Yesterday's Tractor Co. The Right Parts, Right Away
Click Here or call 800-853-2651 
   Allis Chalmers Case Farmall IH Ford 8N,9N,2N Ford
   Ferguson John Deere Massey Ferguson Minn. Moline Oliver
 
Marketplace
Tractor Manuals
Tractor Parts
Classified Ads
Photo Ads

Community
Discussion Forums
Project Journals
Tractor Town
Your Stories
Show & Pull Guide
Events Calendar
Hauling Schedule

Galleries
Tractor Photos
Implement Photos
Vintage Photos
Help Identify
Parts & Pieces
Stuck & Troubled
Vintage Ads
Community Album
Photo Ad Archives

Research & Info
Articles
Tractor Registry
Tip of the Day
Safety Cartoons
Tractor Values
Serial Numbers
Tune-Up Guide
Paint Codes
List Prices
Production Nbrs
Tune-Up Specs
Torque Values
3-Point Specs
Glossary

Miscellaneous
Tractor Games
Just For Kids
Virtual Show
Museum Guide
Memorial Page
Feedback Form

Yesterday's Tractors Facebook Page

Related Sites
Tractor Shed
TractorLinks.com
Ford 8N/9N Club
Today's Tractors
Garden Tractors
Classic Trucks
Kountry Life
Enter your email address to receive our newsletter!

subscribe
unsubscribe
  
Tool Talk Discussion Forum

Re: Blacksmith's Post Vice

[Show Entire Topic]  

Author  [Modern View]
Paul in MN

02-17-2013 16:22:59
174.20.158.161



Report to Moderator

The post vise is the vise of choice for anyone doing blacksmithing. The purpose of the leg is to support the vise while hot metal is being formed while in the vise jaws (hammered w/2# smithing hammer or being twisted). A good bench vise is not made for taking real hits (even though the tail of the back jaw may be shaped like an anvil). A little hammering on stock in a bench vise is OK, but serious forging will probably break the rear casting.

The post vise has an design flaw that can be troublesome in some more exacting work. Because the movable jaw is anchored to the post leg, and pivots from there only, the 2 jaws are not really parallel (except on rare occasion). So if we are trying to do some fine work, the non parallel jaws can mar the piece being worked on, or be cause for the piece slipping.

I have found the old post vises to be made of quality steel, and have never seen one with a broken casting. Most of our import bench vises ($100 price range) are made from poor cast that is porous, so they paint some thick glop on them to hide the poor quality sand casting. I have an 8" brand name import with about a 1.5" diameter acme thread screw. When I really tightened it up (NO cheater bar, just a good snug) the screw stretched and would no longer thread into the nut. I got a new screw on warantee, but I have never seen this happen on any vintage post vise.

I see from some of the pictures a post vise mounted on a good looking workbench. You do not want to use the post vise for blacksmithing in such a neat environment. When hot iron is being formed, it gives off sparks of oxidized iron. These sparks can be big enough and hot enough to burn the wood bench, or bounce on the concrete floor, getting to something flammable. So the post vise is usually mounted to some well buried vertical wood post cut off to the height of the mounting plate when the portion of the leg having the ring is set into the ground so that the ring is just about even with ground. But as someone else mentioned, there should be a socket with a flat plate to set the leg in, and spread the forces out on the ground. It is preferred by blacksmiths to have a good tough dirt floor or some kind of compacted gravel for the floor of the smithy. And the anvil is usually mounted on a good hardwood round cut from a log, and it is quite near the forge and the post vise.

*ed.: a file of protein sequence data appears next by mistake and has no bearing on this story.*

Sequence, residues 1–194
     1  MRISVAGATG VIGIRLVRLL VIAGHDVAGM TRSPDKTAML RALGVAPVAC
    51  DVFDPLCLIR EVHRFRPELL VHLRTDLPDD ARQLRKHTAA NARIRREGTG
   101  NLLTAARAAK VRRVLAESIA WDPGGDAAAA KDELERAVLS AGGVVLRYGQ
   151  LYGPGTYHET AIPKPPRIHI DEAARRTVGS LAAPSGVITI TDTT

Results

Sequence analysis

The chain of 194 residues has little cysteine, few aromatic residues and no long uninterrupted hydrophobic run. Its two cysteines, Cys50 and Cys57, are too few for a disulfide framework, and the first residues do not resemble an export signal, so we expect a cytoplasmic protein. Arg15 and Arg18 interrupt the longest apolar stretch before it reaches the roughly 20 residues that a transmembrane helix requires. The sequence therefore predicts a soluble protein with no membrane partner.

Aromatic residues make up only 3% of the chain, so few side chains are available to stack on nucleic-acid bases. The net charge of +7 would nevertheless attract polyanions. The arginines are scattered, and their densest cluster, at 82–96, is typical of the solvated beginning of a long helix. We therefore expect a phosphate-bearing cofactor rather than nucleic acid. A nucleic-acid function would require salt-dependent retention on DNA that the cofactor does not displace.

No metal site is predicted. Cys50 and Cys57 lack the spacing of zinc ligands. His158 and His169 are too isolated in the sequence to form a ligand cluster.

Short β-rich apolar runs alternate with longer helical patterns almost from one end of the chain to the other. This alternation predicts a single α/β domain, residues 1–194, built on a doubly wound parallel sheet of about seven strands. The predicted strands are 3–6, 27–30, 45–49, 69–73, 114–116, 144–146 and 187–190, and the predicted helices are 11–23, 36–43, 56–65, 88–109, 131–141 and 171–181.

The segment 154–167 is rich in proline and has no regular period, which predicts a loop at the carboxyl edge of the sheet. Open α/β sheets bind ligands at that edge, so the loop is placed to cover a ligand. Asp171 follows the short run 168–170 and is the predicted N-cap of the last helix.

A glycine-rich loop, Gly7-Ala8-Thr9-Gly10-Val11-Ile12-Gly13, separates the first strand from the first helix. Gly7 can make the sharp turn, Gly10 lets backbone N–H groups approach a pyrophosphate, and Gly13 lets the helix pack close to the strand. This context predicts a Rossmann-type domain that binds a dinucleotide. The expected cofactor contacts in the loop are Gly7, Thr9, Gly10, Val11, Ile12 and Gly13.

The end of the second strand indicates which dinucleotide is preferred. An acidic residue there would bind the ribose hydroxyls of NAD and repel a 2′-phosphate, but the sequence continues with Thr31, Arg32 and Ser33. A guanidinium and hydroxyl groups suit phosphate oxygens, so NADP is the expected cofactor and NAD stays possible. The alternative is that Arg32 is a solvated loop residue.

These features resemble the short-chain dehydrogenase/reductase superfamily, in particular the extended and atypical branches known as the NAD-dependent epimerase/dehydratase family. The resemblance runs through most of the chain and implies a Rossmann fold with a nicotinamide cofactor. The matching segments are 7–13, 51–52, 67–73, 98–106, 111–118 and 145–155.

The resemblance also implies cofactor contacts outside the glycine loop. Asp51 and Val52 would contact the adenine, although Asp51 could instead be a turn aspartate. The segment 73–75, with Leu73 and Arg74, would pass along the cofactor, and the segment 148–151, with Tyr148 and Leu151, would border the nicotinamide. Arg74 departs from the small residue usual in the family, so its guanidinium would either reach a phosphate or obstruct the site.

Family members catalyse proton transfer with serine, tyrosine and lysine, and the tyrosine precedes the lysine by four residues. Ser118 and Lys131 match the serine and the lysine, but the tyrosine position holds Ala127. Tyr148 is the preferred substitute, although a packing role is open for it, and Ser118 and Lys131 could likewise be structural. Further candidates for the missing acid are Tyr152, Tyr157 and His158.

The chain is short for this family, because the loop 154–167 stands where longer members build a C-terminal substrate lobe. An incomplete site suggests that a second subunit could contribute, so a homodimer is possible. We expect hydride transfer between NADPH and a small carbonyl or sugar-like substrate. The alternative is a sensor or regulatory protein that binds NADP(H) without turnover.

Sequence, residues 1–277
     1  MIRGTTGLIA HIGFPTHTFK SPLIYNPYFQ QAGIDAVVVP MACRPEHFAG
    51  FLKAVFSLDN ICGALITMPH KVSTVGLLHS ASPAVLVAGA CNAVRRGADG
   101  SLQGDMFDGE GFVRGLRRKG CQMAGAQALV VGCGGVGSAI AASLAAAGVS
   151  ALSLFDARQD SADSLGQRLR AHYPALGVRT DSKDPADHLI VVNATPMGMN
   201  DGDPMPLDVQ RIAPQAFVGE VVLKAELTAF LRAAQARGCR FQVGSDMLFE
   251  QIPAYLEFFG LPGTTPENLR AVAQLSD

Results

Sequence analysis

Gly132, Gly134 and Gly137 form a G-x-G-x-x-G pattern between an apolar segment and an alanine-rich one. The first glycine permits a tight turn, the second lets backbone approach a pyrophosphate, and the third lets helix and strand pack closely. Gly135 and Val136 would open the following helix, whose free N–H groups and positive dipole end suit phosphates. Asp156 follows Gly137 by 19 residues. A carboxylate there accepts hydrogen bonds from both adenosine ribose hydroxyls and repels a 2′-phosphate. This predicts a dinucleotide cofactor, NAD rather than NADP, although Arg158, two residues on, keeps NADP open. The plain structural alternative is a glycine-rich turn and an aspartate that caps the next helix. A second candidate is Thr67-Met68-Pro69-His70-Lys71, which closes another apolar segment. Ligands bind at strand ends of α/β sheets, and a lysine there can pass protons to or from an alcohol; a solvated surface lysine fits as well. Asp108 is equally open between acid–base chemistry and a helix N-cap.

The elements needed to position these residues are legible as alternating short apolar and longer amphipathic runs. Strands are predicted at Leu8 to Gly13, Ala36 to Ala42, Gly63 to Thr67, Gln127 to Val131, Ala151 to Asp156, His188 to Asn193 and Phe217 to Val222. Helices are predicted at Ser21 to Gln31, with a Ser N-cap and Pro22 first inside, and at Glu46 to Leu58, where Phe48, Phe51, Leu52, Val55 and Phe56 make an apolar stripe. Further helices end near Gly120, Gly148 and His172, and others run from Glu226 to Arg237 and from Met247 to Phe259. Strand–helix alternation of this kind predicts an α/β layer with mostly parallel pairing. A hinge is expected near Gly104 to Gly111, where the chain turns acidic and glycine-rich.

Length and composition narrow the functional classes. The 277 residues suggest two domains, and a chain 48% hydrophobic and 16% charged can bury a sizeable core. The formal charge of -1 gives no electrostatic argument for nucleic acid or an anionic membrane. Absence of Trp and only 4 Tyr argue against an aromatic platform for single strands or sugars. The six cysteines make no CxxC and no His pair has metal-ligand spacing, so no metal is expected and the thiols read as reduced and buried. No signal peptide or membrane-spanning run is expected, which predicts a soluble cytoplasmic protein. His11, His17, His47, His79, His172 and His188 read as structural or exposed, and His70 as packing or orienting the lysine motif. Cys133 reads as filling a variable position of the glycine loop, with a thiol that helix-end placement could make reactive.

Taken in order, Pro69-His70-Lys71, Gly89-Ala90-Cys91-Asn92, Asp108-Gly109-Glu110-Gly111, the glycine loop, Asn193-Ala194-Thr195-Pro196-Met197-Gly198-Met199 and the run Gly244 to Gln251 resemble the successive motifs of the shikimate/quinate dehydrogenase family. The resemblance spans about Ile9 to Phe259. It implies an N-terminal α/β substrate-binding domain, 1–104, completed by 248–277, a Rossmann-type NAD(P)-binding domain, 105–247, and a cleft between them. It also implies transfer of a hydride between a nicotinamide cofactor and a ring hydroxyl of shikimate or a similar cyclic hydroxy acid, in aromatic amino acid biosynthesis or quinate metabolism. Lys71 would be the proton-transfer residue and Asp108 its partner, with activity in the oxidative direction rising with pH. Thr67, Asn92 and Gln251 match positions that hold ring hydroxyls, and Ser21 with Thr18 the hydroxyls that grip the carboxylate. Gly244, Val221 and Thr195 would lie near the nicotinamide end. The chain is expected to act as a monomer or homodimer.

A good post vise is as important to the blacksmith as his/her anvil. (Yes, we have some excellent women smiths in our Blacksmithing Guild).

Paul in MN

[Reply]   [No Email]
[Show Entire Topic]     [Options]  [Printer Friendly]  [Return to Forum]   [Add a Reply]

Hop to:
TRACTOR   PARTS TRACTOR   MANUALS
Same-Day Shipping! Most of our stocked parts ship the same day you order (M-F).  Expedited shipping available, just call!  Most prices for parts and manuals are below our competitors.  Compare our super low shipping rates!  We have the parts you need to repair your tractor.  We are a Company you can trust and have generous return policies!   Shop Online Today or call our friendly sales staff toll free (800) 853-2651. [ More Info ]

Home  |  Forums


Copyright © 1997-2014 Yesterday's Tractor Co.

All Rights Reserved. Reproduction of any part of this website, including design and content, without written permission is strictly prohibited. Trade Marks and Trade Names contained and used in this Website are those of others, and are used in this Website in a descriptive sense to refer to the products of others. Use of this Web site constitutes acceptance of our User Agreement and Privacy Policy

TRADEMARK DISCLAIMER: Tradenames and Trademarks referred to within Yesterday's Tractor Co. products and within the Yesterday's Tractor Co. websites are the property of their respective trademark holders. None of these trademark holders are affiliated with Yesterday's Tractor Co., our products, or our website nor are we sponsored by them. John Deere and its logos are the registered trademarks of the John Deere Corporation. Agco, Agco Allis, White, Massey Ferguson and their logos are the registered trademarks of AGCO Corporation. Case, Case-IH, Farmall, International Harvester, New Holland and their logos are registered trademarks of CNH Global N.V.

Yesterday's Tractors - Antique Tractor Headquarters